How Instagram’s New Algorithm is Fighting Fake News

*Image courtesy of Instagram

Just months after removing likes from user profiles, it seems that Instagram has taken yet another step towards rebranding themselves as a more socially-conscious platform. The newest algorithm change is now tackling the spread of ‘fake news’ by integrating an audience-lead feature that allows users to report posts they believe may contain false information.

After being rolled out to U.S-based users in mid-2019, the feature was quietly introduced to Australian profiles fairly recently; so quietly, in fact, that you may not have even realised it was there. The change – although subtle – is just one more indication that Instagram is steering itself towards reinventing what the app stands for. As huge believers in the power of purpose, it seems us here at Kommunal that the app wants to create an image that is less to do with selfies and more about adding genuine value to its users lives.

The process of reporting offending posts is relatively simple – if you spot something that seems as though it was churned out through the fake news cycle, you can simply click the menu and report it as ‘inappropriate’ for containing ‘false information.’ From here, Instagram says one of their many fact-checking teams will review the post and determine whether or not it classifies as misinformation.

However, posts that are assessed and deemed ‘fake news’ won’t be entirely removed from the platform; instead, they will still appear on user profiles and newsfeeds as usual – with the exception of the explore page and hashtag searches – but will be veiled by a warning that cautions the user of ‘false information.’ Based on this decision to only partially limit the reach of these posts, the Kommunal team believes that the idea behind the change is to bring awareness to the type of content users should be wary of rather than to erase it entirely.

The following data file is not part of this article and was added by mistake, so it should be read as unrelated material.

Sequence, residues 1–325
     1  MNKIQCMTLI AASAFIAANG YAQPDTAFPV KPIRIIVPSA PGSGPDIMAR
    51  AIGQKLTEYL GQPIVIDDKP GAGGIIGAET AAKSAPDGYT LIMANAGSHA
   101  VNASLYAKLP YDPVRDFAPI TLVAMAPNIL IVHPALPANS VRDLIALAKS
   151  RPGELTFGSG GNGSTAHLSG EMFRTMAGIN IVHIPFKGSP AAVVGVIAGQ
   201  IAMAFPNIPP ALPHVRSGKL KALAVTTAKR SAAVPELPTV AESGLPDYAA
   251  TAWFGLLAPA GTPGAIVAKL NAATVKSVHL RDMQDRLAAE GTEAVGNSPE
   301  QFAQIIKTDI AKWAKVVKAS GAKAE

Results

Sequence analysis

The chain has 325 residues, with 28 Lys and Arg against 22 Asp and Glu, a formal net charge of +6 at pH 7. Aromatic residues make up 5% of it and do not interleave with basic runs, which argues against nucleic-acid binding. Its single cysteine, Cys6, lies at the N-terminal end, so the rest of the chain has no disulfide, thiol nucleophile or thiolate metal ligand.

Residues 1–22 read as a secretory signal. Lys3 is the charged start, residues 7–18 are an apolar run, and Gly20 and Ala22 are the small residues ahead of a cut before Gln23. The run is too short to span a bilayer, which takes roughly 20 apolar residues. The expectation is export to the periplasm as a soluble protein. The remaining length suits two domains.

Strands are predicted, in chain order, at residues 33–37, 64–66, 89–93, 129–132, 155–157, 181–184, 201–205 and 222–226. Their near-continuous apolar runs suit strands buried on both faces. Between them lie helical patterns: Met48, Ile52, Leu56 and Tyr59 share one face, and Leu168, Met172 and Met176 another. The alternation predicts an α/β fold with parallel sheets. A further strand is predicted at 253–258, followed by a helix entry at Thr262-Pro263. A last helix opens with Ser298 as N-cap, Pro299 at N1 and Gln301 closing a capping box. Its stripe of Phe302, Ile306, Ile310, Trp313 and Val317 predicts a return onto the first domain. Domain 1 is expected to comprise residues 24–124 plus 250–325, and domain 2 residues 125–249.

What classifies as ‘false information’, however, remains a point of contention. While the details are still vague as to what Instagram will and won’t allow, it seems that anything from intentionally misleading articles to photoshopped images may be in the firing line. Earlier this year, one artist even reported that his digitally-altered photo was flagged by the false information tool for not declaring that it was a work of fantasy. However, with a reported network of 45 third-party fact-checking teams stationed all over the world, it seems that Instagram is confident in their ability to weed out the real offenders.

After much discussion around the Kommunal office, it seems clear that this new algorithm change goes hand-in-hand with the platform’s decision to remove ‘likes’ from user profiles in late 2019. At the time, Instagram explained their controversial decision by saying that they want users to focus more on the content they enjoy, rather than the content that gets the most likes. Deemed as a move that prioritised the mental wellbeing of users, it was the first indication to our team that the platform was trying to clean up its act in light of growing social criticism. Now, in a time where the phrase ‘fake news’ has become a part of our global vocabulary, it seems that Instagram has recognised the role it plays in spreading misinformation and, like many of us, no longer wants any part in it.

What do you think of Instagram’s latest updates? Is it an attempt to redefine the app’s purpose, or just another algorithm change? Let us know!